In graph theory, a branch of mathematics, many important families of graphs can be described by a finite set of individual graphs that do not belong to the family and further exclude all graphs from the family which contain any of these forbidden graphs as (induced) subgraph or minor. A prototypical example of this phenomenon is Kuratowski's theorem, which states that a graph is planar (can be drawn without crossings in the plane) if and only if it does not contain either of two forbidden graphs, the complete graph *K*_{5} and the complete bipartite graph *K*_{3,3}. For Kuratowski's theorem, the notion of containment is that of graph homeomorphism, in which a subdivision of one graph appears as a subgraph of the other. Thus, every graph either has a planar drawing (in which case it belongs to the family of planar graphs) or it has a subdivision of one of these two graphs as a subgraph (in which case it does not belong to the planar graphs).

More generally, a **forbidden graph characterization** is a method of specifying a family of graph, or hypergraph, structures, by specifying substructures that are forbidden from existing within any graph in the family. Different families vary in the nature of what is *forbidden*. In general, a structure *G* is a member of a family if and only if a forbidden substructure is **not** contained in *G*. The **forbidden substructure** might be one of:

- subgraphs, smaller graphs obtained from subsets of the vertices and edges of a larger graph,
- induced subgraphs, smaller graphs obtained by selecting a subset of the vertices and using all edges with both endpoints in that subset,
- homeomorphic subgraphs (also called topological minors), smaller graphs obtained from subgraphs by collapsing paths of degree-two vertices to single edges, or
- graph minors, smaller graphs obtained from subgraphs by arbitrary edge contractions.

The set of structures that are forbidden from belonging to a given graph family can also be called an **obstruction set** for that family.

Forbidden graph characterizations may be used in algorithms for testing whether a graph belongs to a given family. In many cases, it is possible to test in polynomial time whether a given graph contains any of the members of the obstruction set, and therefore whether it belongs to the family defined by that obstruction set.

In order for a family to have a forbidden graph characterization, with a particular type of substructure, the family must be closed under substructures. That is, every substructure (of a given type) of a graph in the family must be another graph in the family. Equivalently, if a graph is not part of the family, all larger graphs containing it as a substructure must also be excluded from the family. When this is true, there always exists an obstruction set (the set of graphs that are not in the family but whose smaller substructures all belong to the family). However, for some notions of what a substructure is, this obstruction set could be infinite. The Robertson–Seymour theorem proves that, for the particular case of graph minors, a family that is closed under minors always has a finite obstruction set.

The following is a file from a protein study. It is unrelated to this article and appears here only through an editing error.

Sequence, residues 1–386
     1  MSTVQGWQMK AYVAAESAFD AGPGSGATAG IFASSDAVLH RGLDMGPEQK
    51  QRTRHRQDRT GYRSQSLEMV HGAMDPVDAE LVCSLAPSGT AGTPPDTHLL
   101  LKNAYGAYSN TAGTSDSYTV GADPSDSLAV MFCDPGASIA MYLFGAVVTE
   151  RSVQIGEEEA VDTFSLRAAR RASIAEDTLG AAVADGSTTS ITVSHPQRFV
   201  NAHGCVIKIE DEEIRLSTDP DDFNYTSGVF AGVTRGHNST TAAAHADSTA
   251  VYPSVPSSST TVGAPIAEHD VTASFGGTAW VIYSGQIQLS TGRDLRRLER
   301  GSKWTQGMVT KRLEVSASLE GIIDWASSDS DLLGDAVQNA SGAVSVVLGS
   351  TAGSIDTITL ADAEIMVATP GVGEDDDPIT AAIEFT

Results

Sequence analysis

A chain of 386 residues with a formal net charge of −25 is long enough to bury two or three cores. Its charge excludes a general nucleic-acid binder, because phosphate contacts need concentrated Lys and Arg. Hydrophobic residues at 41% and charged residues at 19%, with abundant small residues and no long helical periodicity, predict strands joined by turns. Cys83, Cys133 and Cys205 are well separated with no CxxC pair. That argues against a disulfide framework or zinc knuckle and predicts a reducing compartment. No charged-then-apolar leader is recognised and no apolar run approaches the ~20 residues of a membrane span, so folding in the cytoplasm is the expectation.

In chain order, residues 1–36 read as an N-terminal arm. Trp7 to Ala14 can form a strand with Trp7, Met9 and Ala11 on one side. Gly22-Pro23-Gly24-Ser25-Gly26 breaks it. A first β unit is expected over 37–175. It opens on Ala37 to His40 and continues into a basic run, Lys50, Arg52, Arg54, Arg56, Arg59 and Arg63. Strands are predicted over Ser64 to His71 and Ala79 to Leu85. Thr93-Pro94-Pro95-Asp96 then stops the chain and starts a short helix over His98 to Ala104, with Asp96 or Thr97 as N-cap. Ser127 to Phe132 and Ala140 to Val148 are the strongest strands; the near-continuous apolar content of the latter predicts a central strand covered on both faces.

Family | Obstructions | Relation | Reference |
---|---|---|---|

Forests | loops, pairs of parallel edges, and cycles of all lengths | subgraph | Definition |

a loop (for multigraphs) or a triangle K_{3} (for simple graphs) | graph minor | Definition | |

Claw-free graphs | star K_{1,3} | induced subgraph | Definition |

Comparability graphs | induced subgraph | ||

Triangle-free graphs | triangle K_{3} | induced subgraph | Definition |

Planar graphs | K_{5} and K_{3,3} | homeomorphic subgraph | Kuratowski's theorem |

K_{5} and K_{3,3} | graph minor | Wagner's theorem | |

Outerplanar graphs | K_{4} and K_{2,3} | graph minor | Diestel (2000),^{ [1] } p. 107 |

Outer 1-planar graphs | six forbidden minors | graph minor | Auer et al. (2013) ^{ [2] } |

Graphs of fixed genus | a finite obstruction set | graph minor | Diestel (2000),^{ [1] } p. 275 |

Apex graphs | a finite obstruction set | graph minor | ^{ [3] } |

Linklessly embeddable graphs | The Petersen family | graph minor | ^{ [4] } |

Bipartite graphs | odd cycles | subgraph | ^{ [5] } |

Chordal graphs | cycles of length 4 or more | induced subgraph | ^{ [6] } |

Perfect graphs | cycles of odd length 5 or more or their complements | induced subgraph | ^{ [7] } |

Line graph of graphs | nine forbidden subgraphs (listed here) | induced subgraph | ^{ [8] } |

Graph unions of cactus graphs | the four-vertex diamond graph formed by removing an edge from the complete graph K_{4} | graph minor | ^{ [9] } |

Ladder graphs | K_{2,3} and its dual graph | homeomorphic subgraph | ^{ [10] } |

Split graphs | induced subgraph | ^{ [11] } | |

2-connected series-parallel (treewidth ≤ 2, branchwidth ≤ 2) | K_{4} | graph minor | Diestel (2000),^{ [1] } p. 327 |